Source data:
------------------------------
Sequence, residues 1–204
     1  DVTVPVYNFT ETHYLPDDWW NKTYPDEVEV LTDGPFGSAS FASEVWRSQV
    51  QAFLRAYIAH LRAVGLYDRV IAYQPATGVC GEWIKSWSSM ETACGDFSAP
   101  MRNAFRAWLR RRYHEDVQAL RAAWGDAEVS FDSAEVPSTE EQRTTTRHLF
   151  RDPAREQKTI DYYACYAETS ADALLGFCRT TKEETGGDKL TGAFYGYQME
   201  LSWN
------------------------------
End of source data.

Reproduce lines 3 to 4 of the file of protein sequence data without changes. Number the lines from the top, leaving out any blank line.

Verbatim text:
    51  QAFLRAYIAH LRAVGLYDRV IAYQPATGVC GEWIKSWSSM ETACGDFSAP
   101  MRNAFRAWLR RRYHEDVQAL RAAWGDAEVS FDSAEVPSTE EQRTTTRHLF